A bipartisan group of lawmakers is pressing the White House to hire some inspectors general.
Sens. Joseph Lieberman (I., Conn.), Susan Collins (R., Maine), Claire McCaskill (D., Mo.) and Rob Portman (R., Ohio,) and Reps. Darrell Issa (R., Calif.), Elijah Cummings (D., Md.), John Tierney (D., Mass.) and Jason Chaffetz (R., Utah) have signed a joint letter to President Barack Obama expressing concern over the number of watchdog vacancies.
There are currently nine IG positions that are vacant, including at the departments of State, Labor, Justice, Housing and Urban Development and Homeland Security. Jobs overseeing the Troubled Asset Relief Program, intelligence community, Afghanistan reconstruction and Corporation for National and Community Service are also open.
"Many of these vacancies involve departments and agencies responsible for oversight of several of your Administration's most important initiatives," says the letter sent Tuesday.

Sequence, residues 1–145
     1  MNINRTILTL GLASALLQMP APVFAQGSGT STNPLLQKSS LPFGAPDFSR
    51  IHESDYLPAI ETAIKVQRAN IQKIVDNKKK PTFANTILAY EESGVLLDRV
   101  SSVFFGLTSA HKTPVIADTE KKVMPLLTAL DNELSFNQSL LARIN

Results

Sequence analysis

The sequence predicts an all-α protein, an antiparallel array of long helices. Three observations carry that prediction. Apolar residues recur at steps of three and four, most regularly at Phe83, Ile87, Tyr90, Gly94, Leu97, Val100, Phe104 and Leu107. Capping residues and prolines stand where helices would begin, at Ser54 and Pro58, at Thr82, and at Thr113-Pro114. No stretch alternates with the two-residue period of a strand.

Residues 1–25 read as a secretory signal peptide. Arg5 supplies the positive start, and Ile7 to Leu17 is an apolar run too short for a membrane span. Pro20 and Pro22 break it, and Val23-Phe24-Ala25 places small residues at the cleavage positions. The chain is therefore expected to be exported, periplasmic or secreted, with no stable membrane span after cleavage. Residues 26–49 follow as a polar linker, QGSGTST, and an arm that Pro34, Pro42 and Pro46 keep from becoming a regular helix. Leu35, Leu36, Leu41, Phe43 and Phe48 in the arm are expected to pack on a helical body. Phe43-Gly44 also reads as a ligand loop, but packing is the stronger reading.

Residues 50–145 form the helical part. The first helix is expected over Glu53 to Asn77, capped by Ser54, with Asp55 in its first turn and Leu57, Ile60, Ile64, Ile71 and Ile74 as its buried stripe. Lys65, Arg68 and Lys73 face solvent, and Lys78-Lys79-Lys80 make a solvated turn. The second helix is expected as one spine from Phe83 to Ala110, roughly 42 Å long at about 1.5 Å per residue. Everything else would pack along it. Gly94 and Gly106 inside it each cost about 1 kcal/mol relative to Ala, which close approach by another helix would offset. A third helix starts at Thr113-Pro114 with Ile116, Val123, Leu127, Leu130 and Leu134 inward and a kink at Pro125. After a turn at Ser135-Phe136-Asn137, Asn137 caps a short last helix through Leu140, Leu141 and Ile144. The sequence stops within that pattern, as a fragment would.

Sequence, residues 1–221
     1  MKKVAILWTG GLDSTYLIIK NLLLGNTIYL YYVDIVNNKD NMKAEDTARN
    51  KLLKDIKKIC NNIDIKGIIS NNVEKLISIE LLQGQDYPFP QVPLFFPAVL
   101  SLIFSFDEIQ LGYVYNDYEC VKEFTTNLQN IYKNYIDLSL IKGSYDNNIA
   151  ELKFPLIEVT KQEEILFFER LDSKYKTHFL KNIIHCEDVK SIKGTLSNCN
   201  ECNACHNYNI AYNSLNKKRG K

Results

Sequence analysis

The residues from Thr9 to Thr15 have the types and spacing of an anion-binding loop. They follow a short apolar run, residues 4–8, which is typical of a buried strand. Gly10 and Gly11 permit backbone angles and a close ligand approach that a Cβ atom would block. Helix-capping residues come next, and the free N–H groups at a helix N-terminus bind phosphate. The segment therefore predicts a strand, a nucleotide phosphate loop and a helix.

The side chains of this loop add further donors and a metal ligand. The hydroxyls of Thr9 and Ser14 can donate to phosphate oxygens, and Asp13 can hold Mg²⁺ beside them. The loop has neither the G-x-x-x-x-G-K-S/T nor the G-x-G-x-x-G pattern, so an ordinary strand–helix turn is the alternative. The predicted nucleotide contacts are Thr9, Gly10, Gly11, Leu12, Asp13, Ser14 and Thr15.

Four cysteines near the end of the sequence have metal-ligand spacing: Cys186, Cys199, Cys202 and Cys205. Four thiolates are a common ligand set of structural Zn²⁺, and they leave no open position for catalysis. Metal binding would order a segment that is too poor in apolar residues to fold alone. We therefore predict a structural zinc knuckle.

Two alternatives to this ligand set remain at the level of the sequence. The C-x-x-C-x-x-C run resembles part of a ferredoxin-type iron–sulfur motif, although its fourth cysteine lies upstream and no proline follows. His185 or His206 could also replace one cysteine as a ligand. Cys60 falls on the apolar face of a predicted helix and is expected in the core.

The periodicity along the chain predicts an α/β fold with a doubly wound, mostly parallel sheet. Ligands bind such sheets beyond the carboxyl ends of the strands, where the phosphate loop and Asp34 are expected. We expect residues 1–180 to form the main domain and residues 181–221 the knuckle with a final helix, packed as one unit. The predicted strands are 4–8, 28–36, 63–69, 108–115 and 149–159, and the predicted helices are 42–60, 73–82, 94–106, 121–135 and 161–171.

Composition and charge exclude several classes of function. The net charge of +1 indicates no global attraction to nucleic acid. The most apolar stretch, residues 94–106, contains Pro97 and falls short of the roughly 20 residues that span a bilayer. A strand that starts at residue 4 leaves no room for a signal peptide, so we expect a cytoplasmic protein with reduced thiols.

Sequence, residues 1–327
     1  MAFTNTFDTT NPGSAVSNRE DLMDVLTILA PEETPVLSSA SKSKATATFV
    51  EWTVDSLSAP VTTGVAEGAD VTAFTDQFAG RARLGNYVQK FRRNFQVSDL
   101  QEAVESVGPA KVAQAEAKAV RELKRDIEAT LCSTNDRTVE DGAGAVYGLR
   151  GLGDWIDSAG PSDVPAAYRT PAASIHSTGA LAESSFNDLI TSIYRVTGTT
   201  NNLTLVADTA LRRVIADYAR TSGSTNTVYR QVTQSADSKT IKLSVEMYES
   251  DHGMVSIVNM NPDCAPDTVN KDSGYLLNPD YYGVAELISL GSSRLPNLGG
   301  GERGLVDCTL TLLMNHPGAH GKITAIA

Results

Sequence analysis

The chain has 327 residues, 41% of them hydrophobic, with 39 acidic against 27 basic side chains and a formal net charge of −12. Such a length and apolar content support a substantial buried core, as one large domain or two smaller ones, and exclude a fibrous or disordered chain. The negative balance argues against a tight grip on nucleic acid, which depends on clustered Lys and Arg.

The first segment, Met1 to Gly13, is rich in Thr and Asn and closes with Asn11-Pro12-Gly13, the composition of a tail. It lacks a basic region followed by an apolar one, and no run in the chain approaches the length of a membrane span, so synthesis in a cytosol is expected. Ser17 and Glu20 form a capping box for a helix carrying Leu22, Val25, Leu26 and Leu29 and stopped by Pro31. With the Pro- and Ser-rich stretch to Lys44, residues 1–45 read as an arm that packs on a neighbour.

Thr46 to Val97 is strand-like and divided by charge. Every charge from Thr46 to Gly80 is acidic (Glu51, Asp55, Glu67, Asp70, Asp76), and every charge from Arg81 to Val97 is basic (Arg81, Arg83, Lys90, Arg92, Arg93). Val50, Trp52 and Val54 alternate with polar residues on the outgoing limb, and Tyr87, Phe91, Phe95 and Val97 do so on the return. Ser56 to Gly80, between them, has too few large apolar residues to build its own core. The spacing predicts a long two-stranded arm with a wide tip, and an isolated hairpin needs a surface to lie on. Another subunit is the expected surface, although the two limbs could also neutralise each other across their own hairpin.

"We have serious concerns that the lack of permanent Inspectors General at so many federal agencies is impeding the federal government's efforts to increase efficiencies and prevent waste, fraud and abuse. With this concern in mind, we respectfully request that you move without delay to appoint qualified, experienced individuals to serve as Inspectors General," the lawmakers say.
White House spokesman Eric Schultz said in a statement "the Administration is committed to strong Inspector Generals, and we are working diligently to identify highly qualified candidates to fill these important posts."